On November 20, HRC sent the following complaint to CTV President Wendy Freeman and David Hughes, Executive Producer of CTV National News, in regards to problematic coverage it aired of the recent terror attack in Jerusalem. Please find our complaint immediately below, followed by CTV’s reply which can also be read by clicking here.
Dear Ms. Freeman and Mr. Hughes,
We are writing to bring our concerns to your attention regarding a November 18 CTV National News report by Danielle Hamamdjian which aired at 11pm EST. You can watch this report by clicking here (or on the image below).
Anchor Lisa LaFlamme introduced the broadcast saying the following: “The turf war over one holy site in the Middle East turned another into a target today, a brutal act of terror carried out by two Palestinians against defenseless victims inside a Jerusalem synagogue. Five people were killed as well as the two attackers, cousins, who walked in waving a gun, axes, even a meat cleaver. Within minutes this place of worship became a crime scene. Tonight those who died praying were remembered with prayers…”
In making this statement, CTV News stated by some unknown veracity that the attack on the synagogue was spurred because of a “turf war over one holy site” which turned it into a target. And yet, the motivations of the attackers and the reasons they targeted this site, these people, and at this time are still unknown. Again, CTV is making this statement not in attribution, but presenting it as fact.
Midway through the segment, reporter Danielle Hamamdjian says that the “attackers are cousins from east Jerusalem said to have been motivated by what they saw as Israeli encroachments on Jerusalem’s holiest site. ‘When the youth see this, they react,’ said the father of one of the men.”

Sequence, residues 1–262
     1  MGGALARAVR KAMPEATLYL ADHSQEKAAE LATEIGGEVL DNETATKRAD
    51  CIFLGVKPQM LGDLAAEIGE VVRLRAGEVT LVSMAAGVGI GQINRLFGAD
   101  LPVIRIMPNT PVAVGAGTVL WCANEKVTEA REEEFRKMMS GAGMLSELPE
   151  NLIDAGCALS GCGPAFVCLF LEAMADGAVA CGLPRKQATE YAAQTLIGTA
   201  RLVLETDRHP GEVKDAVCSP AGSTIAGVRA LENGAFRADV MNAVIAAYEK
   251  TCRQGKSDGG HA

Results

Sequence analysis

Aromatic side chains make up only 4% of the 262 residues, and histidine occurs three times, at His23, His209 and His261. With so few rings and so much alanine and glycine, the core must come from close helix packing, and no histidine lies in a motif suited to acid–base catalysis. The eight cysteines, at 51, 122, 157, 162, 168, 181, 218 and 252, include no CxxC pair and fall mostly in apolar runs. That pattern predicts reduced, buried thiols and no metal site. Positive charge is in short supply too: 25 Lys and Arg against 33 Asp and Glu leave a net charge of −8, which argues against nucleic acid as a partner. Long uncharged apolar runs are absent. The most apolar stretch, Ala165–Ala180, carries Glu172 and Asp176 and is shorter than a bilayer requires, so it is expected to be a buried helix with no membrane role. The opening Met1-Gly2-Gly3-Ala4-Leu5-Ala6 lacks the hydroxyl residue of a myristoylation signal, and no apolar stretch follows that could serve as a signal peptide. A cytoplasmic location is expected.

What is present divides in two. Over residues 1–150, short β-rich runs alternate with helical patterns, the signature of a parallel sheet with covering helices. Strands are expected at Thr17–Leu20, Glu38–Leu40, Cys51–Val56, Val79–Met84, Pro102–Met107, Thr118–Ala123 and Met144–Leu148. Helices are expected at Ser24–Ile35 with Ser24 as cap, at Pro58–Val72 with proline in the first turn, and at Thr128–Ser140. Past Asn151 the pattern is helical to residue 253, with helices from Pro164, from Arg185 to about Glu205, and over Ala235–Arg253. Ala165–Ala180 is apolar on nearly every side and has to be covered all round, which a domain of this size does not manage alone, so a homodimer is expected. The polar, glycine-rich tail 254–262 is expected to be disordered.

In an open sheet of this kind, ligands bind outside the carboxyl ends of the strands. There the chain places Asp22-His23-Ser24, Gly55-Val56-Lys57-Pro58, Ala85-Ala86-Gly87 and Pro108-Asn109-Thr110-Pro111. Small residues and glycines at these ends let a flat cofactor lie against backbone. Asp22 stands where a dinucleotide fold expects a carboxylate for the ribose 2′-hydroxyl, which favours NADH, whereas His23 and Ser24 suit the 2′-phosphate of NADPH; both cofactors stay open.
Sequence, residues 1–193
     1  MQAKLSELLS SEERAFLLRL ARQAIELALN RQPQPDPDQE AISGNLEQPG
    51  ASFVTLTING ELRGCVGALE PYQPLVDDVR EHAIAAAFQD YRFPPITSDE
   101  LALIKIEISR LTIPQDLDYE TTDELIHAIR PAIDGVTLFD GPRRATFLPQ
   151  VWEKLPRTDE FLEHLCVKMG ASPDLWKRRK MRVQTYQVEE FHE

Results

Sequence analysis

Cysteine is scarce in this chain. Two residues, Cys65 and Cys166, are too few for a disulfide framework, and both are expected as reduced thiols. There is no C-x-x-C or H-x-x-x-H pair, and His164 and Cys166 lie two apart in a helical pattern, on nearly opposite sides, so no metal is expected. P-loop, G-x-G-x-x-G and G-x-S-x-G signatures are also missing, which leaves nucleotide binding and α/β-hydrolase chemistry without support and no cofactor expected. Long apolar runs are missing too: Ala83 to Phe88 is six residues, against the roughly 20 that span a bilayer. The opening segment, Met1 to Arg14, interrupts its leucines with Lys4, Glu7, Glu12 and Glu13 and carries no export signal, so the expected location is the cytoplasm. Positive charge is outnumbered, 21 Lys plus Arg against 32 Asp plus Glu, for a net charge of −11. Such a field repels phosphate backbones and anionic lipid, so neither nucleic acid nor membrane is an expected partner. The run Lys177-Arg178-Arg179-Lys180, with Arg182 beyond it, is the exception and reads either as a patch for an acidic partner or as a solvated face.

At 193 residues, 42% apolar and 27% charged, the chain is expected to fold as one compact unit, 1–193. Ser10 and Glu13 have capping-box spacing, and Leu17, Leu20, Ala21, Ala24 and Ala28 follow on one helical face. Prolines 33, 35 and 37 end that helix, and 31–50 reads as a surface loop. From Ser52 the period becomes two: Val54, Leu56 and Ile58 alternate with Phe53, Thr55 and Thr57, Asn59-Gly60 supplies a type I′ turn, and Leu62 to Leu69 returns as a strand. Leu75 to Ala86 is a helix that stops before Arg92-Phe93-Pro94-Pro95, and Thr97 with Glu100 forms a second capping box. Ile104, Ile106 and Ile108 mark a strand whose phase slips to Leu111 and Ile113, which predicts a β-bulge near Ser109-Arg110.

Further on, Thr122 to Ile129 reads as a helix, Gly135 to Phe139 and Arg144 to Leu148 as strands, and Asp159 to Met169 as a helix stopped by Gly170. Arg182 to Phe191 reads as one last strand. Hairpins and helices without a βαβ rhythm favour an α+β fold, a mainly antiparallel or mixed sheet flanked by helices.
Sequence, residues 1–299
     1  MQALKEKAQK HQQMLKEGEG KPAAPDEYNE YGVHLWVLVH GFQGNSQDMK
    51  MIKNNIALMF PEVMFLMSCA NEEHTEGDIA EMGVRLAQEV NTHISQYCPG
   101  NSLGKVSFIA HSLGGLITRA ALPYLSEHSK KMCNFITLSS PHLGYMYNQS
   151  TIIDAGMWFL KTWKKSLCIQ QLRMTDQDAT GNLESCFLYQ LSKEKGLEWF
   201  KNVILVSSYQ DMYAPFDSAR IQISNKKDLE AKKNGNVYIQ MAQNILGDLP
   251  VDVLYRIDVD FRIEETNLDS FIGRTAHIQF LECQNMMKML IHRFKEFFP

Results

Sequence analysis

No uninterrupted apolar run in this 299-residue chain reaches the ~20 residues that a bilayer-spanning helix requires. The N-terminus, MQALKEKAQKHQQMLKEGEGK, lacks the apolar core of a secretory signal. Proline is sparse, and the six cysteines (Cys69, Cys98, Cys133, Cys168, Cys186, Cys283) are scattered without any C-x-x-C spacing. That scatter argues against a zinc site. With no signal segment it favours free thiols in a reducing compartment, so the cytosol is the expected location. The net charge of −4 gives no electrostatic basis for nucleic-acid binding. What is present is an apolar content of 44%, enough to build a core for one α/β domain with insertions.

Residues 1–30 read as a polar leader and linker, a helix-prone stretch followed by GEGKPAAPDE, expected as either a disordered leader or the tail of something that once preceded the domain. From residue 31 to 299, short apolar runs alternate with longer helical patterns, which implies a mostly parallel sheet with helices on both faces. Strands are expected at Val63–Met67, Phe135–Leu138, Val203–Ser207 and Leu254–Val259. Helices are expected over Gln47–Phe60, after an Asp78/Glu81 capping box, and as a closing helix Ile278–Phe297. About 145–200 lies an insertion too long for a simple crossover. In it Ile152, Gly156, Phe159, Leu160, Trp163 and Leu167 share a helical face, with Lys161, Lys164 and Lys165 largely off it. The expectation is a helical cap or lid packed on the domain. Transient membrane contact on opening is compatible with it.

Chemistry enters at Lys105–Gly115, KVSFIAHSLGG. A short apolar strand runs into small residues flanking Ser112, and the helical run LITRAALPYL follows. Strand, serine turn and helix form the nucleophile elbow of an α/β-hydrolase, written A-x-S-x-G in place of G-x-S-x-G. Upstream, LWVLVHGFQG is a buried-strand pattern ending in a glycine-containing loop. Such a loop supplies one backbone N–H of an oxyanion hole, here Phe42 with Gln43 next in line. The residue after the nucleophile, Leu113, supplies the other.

Here, CTV’s reporter includes attribution from the father of one of the attackers who claims that alleged Israeli encroachments (though it denies such charges saying the status quo remains) on a Jerusalem holy site incited the attack. But later on in the banter between reporter and anchor, the following contradiction appears:
Anchor Lisa Laflamme: “We’ve been covering these revenge attacks over the past few weeks and months, but what was it today, what drove these two cousins into committing such a gruesome attack?”
Reporter Hamamdjian: “Well there is one incident that has caused a lot anger and that is what happened to one Palestinian man, a driver who was found hanging in his vehicle, now Israeli authorities and officials who conducted the autopsy say there is no doubt here this was suicide, but few if any on the Palestinian side, even amongst Israelis believe that, they say there is no doubt in their mind, ‘this was murder’”.
In coming full circle, CTV opened its report saying that the Palestinian terrorist’s attack was due to the “turf war over a holy site” which then gets fundamentally contradicted by your reporter’s speculation that what drove these individuals to slaughter 4 Jewish rabbis and an Israeli police officer, and injure about a half dozen others, was the hanging of a Palestinian man. And this isn’t a case of conflicting narratives, as the driver, 32-year-old Youssef al-Ramouni, committed suicide by hanging himself in his bus. There is no evidence to suggest that a “murder” even occurred, a matter Israeli police have confirmed and which a Palestinian forensic examiner himself has agreed with. Palestinian claims that a “lynching” of this Palestinian driver had taken place are libellous.
Back to the main issue at hand. Did the conflict on the Temple Mount inspire the attackers to commit terror? Maybe, and maybe not. We and more importantly, CTV News, does not know at this point. As well, did the hanging (suicide) of the Palestinian driver play a role in inciting them to commit their attack? Maybe, and maybe not. Again, we don’t know. You can come up with dozens of theories and it may just simply boil down to a simple turf war over Israel’s and more importantly, the Jewish people’s very existence being incompatible in the minds of these deranged Palestinian cousins.